Thursday, April 22, 2010

Deep Space Nine--"Sword of Kahless"

“The Sword of Kahless” is Indiana Jones meets Treasure of the Sierra Madre--with Klingons. It is highly un-Trek and more in tune with the sex and guns request Patrick Stewart made which prompted the awful TNG episode “Captain’s Holiday.” After that debacle, it was brave for the powers that be to give it another go. The result is trite, but still enjoyable.

Kor, who previously appeared in TOS’ ’Errand of Mercy” and DS9’s “Blood Oath,” returns to enlist Dax and now Worf in an effort to find the Sword of Kahless, an item which will entitle the owner to rule the Klingon Empire. Kor believes the sword is on a remote planet I the Gamma Quadrant. The three of them are pursued by Toral, the illegitimate son of Duras. He is making a second effort to take over the Empire. In Tng’s “Redemption I/II,” he failed in his first effort to inherit power because he was considered too young, inexperienced, and his birth status was in question. He failed the Obama Gambit, in other words.

The story is mostly a straight adventure homage to Indiana Jones. The small television budget does force an even bigger suspension of disbelief than even the fantastical adventures of the famed archeologist. I am aware some planned booby traps and such had to becut for lack of budget. What we did get…well, we just kind of have to go with it.

The story turns into Treasure of the Sierra Madre when the sword is found. A conflict erupts between Kor and Worf as both become convinced they are destined to possess it, thereby becoming ruler. They eventually decide to jettison the sword I order to keep anyone from possessing it. One of the elements that has disappointed fans is the sword actually possessed no powers. Many fans cannot see why it would affect Kor ad Worf the way it did. I am disappointed they do not appreciate the honest look into human nature. Power corrupts, folks. The sword only has to have the perception of power for it to gain a hold of people.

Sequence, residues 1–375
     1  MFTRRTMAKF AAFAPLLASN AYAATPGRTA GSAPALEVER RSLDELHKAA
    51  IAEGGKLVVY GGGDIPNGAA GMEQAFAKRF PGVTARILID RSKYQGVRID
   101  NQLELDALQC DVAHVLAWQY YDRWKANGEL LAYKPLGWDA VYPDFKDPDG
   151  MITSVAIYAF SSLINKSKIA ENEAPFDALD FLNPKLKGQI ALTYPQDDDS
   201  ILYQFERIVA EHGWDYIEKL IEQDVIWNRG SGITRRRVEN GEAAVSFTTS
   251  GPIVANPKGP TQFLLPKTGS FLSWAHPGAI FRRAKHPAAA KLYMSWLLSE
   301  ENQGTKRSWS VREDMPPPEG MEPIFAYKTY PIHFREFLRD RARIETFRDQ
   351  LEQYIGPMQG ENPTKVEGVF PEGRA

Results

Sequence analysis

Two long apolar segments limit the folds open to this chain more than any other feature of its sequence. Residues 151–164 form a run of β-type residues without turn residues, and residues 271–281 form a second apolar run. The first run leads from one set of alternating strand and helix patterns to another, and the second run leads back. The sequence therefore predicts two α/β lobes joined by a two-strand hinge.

“The sword of Kahless” is not a bad episode, but it does feel like it is thrown together in order to give the newly added worf something to do. It is certainly logical to have a worf-centric episode. He has been relegated to either the B-story or a few laugh lines since “The Way of the Warrior.” but considering he is on Ds9 because of the deterioration of the Klingon/Federation alliance and that story has yet to advance much beyond some casual comments made by characters in passing, should the episode not have dealt with that? It feels awkward not to.

Rating: *** (out of 5)

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